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The Old Republic

Americans and War

World War II seems to be getting a lot of what might be called revisionist treatment these days.  Such rethinking of history is, on principle, a good thing, although sometimes it does little more than revive old propaganda and partisanship.  It is good, for instance, that people who are concerned by the overgrown and uncurbed monster that the U.S. government has become are taking another and less worshipful look at the motives and accomplishments of Lincoln, where it might be thought the current evil trend began.  Good, too, that the horrible reality of the worldwide conflagration of 1939-45 is making some headway in the public consciousness against the romantic fable of the “Greatest Generation.”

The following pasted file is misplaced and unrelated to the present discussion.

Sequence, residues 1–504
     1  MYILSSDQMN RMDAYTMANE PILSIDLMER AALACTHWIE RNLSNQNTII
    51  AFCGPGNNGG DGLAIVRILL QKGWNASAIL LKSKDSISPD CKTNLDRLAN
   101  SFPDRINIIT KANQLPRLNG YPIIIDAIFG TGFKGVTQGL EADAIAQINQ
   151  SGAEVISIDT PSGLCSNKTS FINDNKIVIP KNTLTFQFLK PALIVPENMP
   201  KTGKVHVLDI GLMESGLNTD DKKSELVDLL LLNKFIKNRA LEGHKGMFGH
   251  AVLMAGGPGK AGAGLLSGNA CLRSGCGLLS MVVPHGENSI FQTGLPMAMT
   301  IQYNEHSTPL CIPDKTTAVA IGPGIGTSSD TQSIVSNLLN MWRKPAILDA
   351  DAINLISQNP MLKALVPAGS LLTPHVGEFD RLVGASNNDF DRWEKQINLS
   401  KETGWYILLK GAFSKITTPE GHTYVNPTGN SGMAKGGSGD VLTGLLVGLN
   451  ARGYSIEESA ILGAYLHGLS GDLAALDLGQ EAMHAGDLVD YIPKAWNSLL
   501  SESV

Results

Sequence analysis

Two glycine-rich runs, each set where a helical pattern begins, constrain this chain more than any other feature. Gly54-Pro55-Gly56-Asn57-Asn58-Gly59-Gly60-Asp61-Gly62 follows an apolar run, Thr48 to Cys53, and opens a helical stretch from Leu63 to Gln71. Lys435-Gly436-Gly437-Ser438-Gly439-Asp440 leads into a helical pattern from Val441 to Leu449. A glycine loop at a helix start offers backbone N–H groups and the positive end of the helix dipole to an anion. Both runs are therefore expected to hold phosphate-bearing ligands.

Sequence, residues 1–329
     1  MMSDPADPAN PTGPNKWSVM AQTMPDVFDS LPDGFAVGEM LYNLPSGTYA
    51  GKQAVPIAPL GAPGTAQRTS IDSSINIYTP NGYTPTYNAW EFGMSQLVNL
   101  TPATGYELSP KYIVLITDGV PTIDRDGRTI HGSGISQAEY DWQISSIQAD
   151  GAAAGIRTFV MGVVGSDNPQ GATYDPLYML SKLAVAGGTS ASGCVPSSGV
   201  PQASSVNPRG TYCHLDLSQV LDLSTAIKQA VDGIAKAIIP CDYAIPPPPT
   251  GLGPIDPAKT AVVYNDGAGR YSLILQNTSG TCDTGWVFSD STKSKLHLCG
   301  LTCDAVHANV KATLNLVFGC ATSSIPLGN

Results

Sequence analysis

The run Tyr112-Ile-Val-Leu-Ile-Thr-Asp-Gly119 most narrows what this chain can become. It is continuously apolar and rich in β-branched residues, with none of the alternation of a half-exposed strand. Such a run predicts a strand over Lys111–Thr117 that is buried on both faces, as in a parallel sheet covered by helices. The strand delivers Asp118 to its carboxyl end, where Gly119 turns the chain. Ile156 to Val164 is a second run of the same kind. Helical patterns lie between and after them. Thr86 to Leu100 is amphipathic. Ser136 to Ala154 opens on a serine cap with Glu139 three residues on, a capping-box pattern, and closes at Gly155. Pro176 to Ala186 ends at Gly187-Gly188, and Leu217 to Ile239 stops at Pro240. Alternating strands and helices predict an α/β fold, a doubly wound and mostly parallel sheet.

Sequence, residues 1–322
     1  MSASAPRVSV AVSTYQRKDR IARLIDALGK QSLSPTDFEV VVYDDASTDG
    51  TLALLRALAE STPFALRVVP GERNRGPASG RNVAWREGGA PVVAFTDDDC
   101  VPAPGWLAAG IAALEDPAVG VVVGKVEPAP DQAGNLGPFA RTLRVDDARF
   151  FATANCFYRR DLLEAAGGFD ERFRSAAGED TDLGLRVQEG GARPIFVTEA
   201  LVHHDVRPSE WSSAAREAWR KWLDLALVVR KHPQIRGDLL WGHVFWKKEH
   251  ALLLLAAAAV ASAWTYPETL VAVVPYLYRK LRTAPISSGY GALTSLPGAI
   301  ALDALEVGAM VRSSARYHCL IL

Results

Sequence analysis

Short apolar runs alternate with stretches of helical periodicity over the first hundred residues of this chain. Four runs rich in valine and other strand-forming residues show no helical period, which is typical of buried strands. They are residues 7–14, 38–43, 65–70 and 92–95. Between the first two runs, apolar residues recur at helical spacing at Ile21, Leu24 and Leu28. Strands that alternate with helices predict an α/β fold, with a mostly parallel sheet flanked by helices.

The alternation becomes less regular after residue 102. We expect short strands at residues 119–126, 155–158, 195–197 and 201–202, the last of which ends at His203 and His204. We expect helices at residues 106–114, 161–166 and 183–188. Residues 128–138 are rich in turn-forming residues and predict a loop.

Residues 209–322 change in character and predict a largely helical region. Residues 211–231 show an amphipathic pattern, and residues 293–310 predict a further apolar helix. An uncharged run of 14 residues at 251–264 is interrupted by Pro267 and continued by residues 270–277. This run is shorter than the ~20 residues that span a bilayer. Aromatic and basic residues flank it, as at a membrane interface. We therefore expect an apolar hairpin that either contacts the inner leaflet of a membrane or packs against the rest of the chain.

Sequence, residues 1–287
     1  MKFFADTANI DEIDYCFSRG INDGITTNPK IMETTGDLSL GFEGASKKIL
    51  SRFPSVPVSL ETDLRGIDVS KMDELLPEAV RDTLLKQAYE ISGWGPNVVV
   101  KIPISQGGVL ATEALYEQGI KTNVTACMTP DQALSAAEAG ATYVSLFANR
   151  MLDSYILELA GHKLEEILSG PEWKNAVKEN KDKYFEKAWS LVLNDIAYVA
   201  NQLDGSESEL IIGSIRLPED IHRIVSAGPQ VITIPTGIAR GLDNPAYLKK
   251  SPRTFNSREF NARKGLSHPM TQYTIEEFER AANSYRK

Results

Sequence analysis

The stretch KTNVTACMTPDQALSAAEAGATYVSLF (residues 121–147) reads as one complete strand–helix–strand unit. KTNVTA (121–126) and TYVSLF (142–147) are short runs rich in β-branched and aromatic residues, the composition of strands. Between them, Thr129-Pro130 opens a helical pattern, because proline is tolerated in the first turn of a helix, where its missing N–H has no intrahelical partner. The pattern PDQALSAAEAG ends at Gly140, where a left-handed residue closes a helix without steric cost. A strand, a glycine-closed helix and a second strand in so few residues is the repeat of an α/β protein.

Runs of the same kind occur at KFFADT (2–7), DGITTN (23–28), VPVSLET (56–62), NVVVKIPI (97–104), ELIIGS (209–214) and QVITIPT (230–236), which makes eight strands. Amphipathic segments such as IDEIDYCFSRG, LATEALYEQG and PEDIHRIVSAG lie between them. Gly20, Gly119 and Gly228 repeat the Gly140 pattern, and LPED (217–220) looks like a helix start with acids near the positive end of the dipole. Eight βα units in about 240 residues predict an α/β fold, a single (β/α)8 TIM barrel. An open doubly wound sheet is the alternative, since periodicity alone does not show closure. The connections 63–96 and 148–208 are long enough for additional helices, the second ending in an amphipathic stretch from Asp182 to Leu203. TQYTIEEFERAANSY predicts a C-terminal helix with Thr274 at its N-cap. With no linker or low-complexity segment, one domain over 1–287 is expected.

Decent people are quite right to feel that war, which makes up so salient a part of history, is an awful thing, fraught with destruction, death of the innocent, and disastrous unintended consequences.  There is much sobering truth (and shattering of cherished ideals) to be gained by looking anew at the revered statesmen who led their people to war, though societies seldom take the right lessons from history.  Very successful politicians are usually sociopaths.  They believe nothing and say whatever they think it is to their advantage to say.  This description most certainly fits the executive officeholders and senators who are currently plotting war on Ukraine, Syria, and Iran.  The description,...

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